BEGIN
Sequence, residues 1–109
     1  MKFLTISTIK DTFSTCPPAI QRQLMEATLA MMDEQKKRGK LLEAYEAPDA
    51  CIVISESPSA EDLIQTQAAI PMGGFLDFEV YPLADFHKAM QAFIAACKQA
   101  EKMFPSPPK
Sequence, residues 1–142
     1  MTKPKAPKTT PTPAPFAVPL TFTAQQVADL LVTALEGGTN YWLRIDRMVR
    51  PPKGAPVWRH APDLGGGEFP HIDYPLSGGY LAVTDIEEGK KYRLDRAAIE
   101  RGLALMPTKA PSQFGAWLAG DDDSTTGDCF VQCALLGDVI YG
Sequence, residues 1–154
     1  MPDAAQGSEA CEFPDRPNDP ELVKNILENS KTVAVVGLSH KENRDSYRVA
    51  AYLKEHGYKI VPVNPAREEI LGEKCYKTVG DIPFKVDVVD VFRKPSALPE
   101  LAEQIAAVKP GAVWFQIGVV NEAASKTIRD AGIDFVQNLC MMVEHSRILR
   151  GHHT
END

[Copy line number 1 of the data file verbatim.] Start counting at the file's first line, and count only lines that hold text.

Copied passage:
Sequence, residues 1–109